real characters which we meet and mingle with on the stage of life. The world contains no such beings as the saints and sinners described in many sermons and painted in many tracts and magazines. They are as unlike the actual men and women around us, as if the one were described as having no senses, and the other as having no souls.

But of what use is any description of mankind which wants a counterpart in nature and life? It cannot be true-for a glance at the world as it is, belies it. Look abroad for yourselves, brethren, and tell me if you can discover among the good, one who has ceased to be frail, and incapable of becoming evil. Take the accounts which men give you of themselves-take their own judgments of their own characters-will you conclude that any are totally holy? But is it fair to pronounce all who may be sinners, totally depraved, when you dare not pronounce all who are saints, totally pure? There is as much evidence of a partial depravity in the one case, as of a partial holiness in the other. There are as many proofs of a little remaining good in those who pass for wicked men, as of some remaining corruption in those reputed pious men. It is as correct to esteem the latter entirely holy, as to esteem the former entirely depraved. The fact is, there are no unmixed characters among men. The best are not perfect in virtue, the worst may still be capable of a recovery from vice. There are degrees of goodness, and degrees of sin; the former ascending from a very low, to almost angelic virtue, the latter descending from simple failing to the deepest guilt. However, to my narrow view it may seem that no vestige of what is good 1*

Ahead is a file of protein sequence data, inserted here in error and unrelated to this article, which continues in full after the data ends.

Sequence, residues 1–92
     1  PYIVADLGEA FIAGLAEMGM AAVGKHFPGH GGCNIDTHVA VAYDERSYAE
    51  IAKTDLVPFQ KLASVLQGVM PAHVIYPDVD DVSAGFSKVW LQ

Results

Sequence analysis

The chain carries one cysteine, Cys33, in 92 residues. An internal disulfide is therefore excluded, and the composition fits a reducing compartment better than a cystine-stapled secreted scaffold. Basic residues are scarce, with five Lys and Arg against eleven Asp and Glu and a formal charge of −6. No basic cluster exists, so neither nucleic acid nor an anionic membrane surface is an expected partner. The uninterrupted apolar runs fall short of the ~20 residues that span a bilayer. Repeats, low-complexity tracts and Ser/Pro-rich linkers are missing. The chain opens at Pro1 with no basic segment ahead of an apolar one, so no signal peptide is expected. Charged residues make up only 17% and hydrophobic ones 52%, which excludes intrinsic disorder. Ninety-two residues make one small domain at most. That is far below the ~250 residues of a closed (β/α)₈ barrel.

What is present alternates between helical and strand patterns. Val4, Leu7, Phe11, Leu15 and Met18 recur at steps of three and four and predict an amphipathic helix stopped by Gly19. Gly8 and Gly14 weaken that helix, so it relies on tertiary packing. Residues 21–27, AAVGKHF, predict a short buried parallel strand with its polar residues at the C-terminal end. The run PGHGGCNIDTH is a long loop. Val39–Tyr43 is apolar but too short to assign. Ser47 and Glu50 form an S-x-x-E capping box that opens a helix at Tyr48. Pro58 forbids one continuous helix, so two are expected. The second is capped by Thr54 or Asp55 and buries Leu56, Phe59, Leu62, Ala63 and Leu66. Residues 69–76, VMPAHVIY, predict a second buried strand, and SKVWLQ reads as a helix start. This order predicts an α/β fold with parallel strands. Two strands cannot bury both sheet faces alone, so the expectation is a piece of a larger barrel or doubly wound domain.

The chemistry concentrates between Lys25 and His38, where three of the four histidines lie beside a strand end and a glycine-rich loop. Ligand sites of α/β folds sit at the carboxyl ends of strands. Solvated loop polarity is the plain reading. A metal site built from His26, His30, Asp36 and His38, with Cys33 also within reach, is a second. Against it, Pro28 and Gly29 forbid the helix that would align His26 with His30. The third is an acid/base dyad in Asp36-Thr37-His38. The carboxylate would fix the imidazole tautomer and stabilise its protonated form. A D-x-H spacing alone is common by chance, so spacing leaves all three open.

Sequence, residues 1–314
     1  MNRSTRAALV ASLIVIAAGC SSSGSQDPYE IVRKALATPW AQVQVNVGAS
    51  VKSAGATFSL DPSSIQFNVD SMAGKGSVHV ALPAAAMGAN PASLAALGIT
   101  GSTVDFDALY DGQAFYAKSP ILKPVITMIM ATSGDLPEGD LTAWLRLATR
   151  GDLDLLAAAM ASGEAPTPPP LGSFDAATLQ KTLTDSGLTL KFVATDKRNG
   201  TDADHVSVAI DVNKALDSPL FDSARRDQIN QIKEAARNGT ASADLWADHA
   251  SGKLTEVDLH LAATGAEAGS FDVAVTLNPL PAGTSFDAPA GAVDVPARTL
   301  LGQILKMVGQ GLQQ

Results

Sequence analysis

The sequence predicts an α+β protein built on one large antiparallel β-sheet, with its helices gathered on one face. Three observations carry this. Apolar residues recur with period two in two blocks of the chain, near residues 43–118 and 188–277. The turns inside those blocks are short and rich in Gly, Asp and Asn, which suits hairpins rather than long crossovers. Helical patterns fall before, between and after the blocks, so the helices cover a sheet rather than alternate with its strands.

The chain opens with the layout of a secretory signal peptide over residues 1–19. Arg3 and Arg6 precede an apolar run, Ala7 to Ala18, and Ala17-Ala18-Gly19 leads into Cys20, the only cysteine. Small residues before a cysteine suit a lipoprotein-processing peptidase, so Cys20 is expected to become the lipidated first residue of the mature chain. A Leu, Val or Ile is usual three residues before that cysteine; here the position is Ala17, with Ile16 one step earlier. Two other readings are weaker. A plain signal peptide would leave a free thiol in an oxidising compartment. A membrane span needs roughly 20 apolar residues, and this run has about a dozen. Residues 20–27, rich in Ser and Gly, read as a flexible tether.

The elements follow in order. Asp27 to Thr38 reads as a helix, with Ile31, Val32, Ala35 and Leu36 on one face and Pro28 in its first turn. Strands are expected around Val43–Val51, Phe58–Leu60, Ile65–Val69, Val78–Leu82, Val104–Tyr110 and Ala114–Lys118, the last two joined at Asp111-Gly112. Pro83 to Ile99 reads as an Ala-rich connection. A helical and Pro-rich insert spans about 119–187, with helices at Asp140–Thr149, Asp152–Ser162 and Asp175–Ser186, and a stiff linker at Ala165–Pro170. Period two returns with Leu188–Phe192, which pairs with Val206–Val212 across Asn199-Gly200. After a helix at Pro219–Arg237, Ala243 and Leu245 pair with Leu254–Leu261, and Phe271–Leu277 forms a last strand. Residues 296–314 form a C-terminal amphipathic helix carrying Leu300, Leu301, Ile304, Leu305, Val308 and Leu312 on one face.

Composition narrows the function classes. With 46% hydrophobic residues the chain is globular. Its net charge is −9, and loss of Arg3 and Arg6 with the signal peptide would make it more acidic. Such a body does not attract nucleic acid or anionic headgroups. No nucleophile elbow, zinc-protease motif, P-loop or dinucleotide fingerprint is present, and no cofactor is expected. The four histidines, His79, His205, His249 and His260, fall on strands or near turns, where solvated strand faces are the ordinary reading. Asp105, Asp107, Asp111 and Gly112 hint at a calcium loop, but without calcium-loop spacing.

VOL I.

remains in some of my fellow-beings, or even that their capacity of goodness is extinct, yet there is an eye which discerns more clearly, and may discover symptoms of reviving health, where all to me wears the aspect of death. I dare not, I never will say, that there slumbers not beneath the ruins, on which I gaze with despair, a spark of virtue, which shall be kindled yet into a celestial flame. I leave an abandoned sinner, hopeless of restoring him myself, but remembering that what is impossible with man is possible with God. And as to the doctrine that we are all totally depraved, I must consider it as I should a proposition which declared that all men were fools, or all men were giants, all men were monsters. We are not totally any thing whatever, for be the quality what it may, there are ten thousand chances that we have a little of its opposite too. Some are wise; but not always, nor in all things. Some are timorous generally; yet on an occasion can be bold as lions. Some are indolent generally; yet, for some desired end, will rouse themselves to the most vigorous activity. Where nothing is fixed and permanent, but all in progress, pressing onward, it is rash to attempt nice definitions and descriptions, for the object may change under your hand. So it is, to affix such characteristics as denote completeness in good or evil, to mutable men. The only just and true account of human character is that which represents it as mixed and imperfect in all its forms.